When life gives you lemons, make lemon marmalade, crack open the tequila and learn to juggle. I love lemons and our orange marmalade and lemon curd was such a success that I thought I would make some lemon marmalade. We have a huge amount of lemons in our freezer which were given to us by our neighbour so we took some out of the freezer and thawed them overnight. One of the simple joys of living in Portugal is growing orange and lemon trees. I absolutely adore citrus fruits especially for breakfast al fresco.
I used this recipe: https://itsnotcomplicatedrecipes.com/three-ingredient-lemon-marmalade/
You only need 3 ingredients:
- 500 g (17.5 ounces) unwaxed lemons (I used organic home-grown)
- 6 cups (1.5 litre) water
- 8 cups (1.8kg) granulated sugar
- Place 2 saucers or small plates in the freezer, ready to check for the setting point of your marmalade.
- Thoroughly wash the lemons. Remove each end of the lemons and cut the lemons into quarters lengthways. Holding two of the quarters together, slice as thinly as possible and remove any seeds.
- Place the lemon slices in a non-reactive bowl. Add 6 cups of water, cover the bowl and leave the lemons to stand overnight.
- The following day, place the lemons and water into a large, non-reactive saucepan.
- Over medium-high heat, bring the fruit and water to the boil. Boil for approximately 15 minutes or until the lemon peel is tender, stirring occasionally with a long-handled wooden spoon. The time may vary slightly depending on the variety of lemon and the thickness of the slices.
- Add the sugar and stir well to dissolve it. After dissolving the sugar, return the fruit to the boil, stir occasionally and skim to remove any foam. Continue to stir until the marmalade reaches setting point, about 20 minutes.
- To test for setting point, I use the “wrinkle” test. Take one of your saucers from the freezer and pour a small amount of marmalade onto it. Let it cool for a minute then push against the marmalade with the tip of your finger. If the surface wrinkles it means setting point has been reached. Alternatively, if you are not confident checking this way or are not experienced at making marmalade, you can use the fail-safe method of using a jam/candy thermometer which you clip to the side of your saucepan. When attaching your thermometer, make sure that the base is not touching the bottom of the saucepan. Your marmalade has reached setting point when the temperature reaches 104.5 degree C or 220 degrees F. It will still be liquid at this point, and will set as it cools.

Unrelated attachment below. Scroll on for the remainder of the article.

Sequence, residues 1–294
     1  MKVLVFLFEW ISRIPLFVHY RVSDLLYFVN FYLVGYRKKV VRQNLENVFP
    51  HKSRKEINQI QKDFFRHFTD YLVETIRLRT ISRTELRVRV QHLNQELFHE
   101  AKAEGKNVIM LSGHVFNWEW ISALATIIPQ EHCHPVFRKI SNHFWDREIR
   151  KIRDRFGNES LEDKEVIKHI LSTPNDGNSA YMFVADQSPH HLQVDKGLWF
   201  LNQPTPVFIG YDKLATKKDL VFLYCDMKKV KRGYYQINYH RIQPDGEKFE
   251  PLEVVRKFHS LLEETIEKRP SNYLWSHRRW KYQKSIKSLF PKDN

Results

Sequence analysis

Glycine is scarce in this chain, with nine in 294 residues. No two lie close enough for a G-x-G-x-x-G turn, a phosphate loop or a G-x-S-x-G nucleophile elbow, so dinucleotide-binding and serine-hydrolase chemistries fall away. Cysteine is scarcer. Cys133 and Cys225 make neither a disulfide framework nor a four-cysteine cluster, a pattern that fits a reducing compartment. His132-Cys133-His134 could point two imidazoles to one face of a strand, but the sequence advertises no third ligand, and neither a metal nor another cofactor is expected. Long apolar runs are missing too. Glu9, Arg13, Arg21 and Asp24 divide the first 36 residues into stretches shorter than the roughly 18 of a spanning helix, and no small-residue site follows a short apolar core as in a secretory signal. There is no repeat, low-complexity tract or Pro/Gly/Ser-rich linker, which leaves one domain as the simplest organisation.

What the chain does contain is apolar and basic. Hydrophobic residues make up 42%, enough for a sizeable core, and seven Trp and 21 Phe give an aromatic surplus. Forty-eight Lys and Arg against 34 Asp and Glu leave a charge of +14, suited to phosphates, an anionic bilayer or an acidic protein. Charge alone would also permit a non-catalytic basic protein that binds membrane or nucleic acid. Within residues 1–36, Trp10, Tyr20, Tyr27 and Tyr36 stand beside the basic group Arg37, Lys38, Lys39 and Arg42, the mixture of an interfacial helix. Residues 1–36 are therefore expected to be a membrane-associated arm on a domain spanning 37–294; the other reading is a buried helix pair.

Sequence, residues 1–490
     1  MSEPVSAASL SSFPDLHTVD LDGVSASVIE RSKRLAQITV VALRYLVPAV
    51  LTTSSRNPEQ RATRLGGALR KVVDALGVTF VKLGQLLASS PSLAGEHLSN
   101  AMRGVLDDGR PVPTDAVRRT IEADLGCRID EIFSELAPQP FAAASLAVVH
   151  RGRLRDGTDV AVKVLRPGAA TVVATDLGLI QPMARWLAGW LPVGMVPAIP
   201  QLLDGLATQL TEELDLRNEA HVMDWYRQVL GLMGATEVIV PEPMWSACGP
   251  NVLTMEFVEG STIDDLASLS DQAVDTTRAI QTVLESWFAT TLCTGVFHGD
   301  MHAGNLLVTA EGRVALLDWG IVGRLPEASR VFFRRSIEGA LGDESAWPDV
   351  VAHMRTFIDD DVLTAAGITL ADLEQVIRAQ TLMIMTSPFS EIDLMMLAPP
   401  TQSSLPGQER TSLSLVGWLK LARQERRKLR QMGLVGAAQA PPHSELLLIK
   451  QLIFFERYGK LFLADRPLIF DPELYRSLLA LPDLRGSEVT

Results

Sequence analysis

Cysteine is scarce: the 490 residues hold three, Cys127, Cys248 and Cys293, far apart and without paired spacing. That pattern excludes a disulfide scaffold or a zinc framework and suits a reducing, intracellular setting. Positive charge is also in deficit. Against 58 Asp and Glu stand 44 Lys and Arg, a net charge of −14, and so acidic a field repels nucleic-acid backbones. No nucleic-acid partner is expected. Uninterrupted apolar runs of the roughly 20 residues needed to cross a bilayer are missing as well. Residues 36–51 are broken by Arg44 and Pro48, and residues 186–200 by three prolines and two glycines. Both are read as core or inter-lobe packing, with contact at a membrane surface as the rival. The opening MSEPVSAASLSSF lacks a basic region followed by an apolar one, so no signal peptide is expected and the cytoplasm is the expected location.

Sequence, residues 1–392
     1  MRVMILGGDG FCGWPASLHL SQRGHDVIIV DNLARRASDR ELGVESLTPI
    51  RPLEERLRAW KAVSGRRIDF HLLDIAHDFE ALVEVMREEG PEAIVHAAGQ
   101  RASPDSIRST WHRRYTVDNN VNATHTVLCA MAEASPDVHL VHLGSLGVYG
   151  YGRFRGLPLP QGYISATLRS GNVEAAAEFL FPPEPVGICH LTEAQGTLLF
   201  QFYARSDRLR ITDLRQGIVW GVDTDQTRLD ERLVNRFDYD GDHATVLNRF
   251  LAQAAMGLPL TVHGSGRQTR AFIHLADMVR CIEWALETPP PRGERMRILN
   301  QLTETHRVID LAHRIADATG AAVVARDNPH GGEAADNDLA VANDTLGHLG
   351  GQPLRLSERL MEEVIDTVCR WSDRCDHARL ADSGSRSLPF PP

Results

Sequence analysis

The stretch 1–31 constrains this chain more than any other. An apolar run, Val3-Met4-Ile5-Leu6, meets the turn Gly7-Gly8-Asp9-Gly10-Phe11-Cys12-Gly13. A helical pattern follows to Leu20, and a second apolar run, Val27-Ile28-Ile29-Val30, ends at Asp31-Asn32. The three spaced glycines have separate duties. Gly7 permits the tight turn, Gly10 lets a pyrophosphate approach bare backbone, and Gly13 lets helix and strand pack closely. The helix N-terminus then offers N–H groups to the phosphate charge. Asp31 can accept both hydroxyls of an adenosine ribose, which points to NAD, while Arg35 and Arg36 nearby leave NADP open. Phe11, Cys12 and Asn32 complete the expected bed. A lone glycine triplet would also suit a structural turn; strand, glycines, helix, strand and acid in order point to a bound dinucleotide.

- Take the mixture off the heat and let the marmalade stand for about 10 minutes. This will help evenly distribute the fruit throughout the jars.
- Don’t forget to sterilise your jars.
While you are waiting for the marmalade to cook, drink some tequila and practice your juggling skills. Or in my case just hit myself in my face with a lemon (ha ha). Lock down madness! My juggling skills are about as good as my Portuguese language skills so I wont be joining the circus anytime soon. I recently tried out arial skills and my rope climbing and trapeze skills were equally as crap so I think I’m just going to have to be a circus clown (ha ha).
This lemon marmalade is so tasty. I can’t decide which I prefer more the orange or the lemon so next time I am going to try a mix of orange and lemon marmalade. You can eat it with anything really, on bread, in a cake, on top of breakfast porridge or just a spoonful straight in your mouth from the jar! There was a lot more sugar used in this lemon marmalade but it makes sense as lemons are obviously bitter fruit. I was surprised to find only 1 single pip in all the lemons. I have saved the seed and who knows I might grow another lemon tree from a single one off seed. I probably should have sliced the lemons up smaller but it tastes divine and I rather like the chunky tangy lemon bits. Be careful when you add the sugar as mine foamed up and spilled out all over my cooker top (ha ha). This recipe is so very easy to make and set really well. I always panic that my jam and marmalade isn’t going to set. It’s so tangy, zesty, fruity, refreshing and very sweet, it’s a beautiful caramelised colour too and smells epic! Just perfect for Spring days. My whole house had a beautiful fragrant aroma for days! I also learnt that the word marmalade originates from the Portuguese word marmelos, a quince spread similar in texture to an orange spread. I love learning new facts at my ripe old age (ha ha).